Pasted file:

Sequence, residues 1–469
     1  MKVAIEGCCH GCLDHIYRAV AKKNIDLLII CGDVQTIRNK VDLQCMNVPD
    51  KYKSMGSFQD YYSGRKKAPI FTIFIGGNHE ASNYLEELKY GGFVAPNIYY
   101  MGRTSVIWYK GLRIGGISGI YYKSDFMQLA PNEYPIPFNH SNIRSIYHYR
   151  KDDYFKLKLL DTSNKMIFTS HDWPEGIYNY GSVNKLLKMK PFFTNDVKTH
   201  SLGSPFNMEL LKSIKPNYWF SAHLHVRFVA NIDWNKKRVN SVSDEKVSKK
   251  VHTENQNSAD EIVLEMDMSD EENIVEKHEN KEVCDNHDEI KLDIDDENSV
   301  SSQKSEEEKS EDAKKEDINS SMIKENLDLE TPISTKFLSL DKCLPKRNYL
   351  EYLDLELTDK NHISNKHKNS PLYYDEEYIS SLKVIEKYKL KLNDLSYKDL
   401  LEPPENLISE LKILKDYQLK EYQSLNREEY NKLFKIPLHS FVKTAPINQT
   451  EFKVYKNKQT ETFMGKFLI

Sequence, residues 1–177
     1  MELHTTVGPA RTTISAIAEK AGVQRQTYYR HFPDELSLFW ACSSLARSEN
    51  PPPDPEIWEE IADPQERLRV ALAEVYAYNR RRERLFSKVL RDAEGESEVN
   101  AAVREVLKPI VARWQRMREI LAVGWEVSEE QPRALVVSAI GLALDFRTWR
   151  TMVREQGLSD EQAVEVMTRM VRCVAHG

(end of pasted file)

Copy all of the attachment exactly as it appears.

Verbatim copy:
Sequence, residues 1–469
     1  MKVAIEGCCH GCLDHIYRAV AKKNIDLLII CGDVQTIRNK VDLQCMNVPD
    51  KYKSMGSFQD YYSGRKKAPI FTIFIGGNHE ASNYLEELKY GGFVAPNIYY
   101  MGRTSVIWYK GLRIGGISGI YYKSDFMQLA PNEYPIPFNH SNIRSIYHYR
   151  KDDYFKLKLL DTSNKMIFTS HDWPEGIYNY GSVNKLLKMK PFFTNDVKTH
   201  SLGSPFNMEL LKSIKPNYWF SAHLHVRFVA NIDWNKKRVN SVSDEKVSKK
   251  VHTENQNSAD EIVLEMDMSD EENIVEKHEN KEVCDNHDEI KLDIDDENSV
   301  SSQKSEEEKS EDAKKEDINS SMIKENLDLE TPISTKFLSL DKCLPKRNYL
   351  EYLDLELTDK NHISNKHKNS PLYYDEEYIS SLKVIEKYKL KLNDLSYKDL
   401  LEPPENLISE LKILKDYQLK EYQSLNREEY NKLFKIPLHS FVKTAPINQT
   451  EFKVYKNKQT ETFMGKFLI

Sequence, residues 1–177
     1  MELHTTVGPA RTTISAIAEK AGVQRQTYYR HFPDELSLFW ACSSLARSEN
    51  PPPDPEIWEE IADPQERLRV ALAEVYAYNR RRERLFSKVL RDAEGESEVN
   101  AAVREVLKPI VARWQRMREI LAVGWEVSEE QPRALVVSAI GLALDFRTWR
   151  TMVREQGLSD EQAVEVMTRM VRCVAHG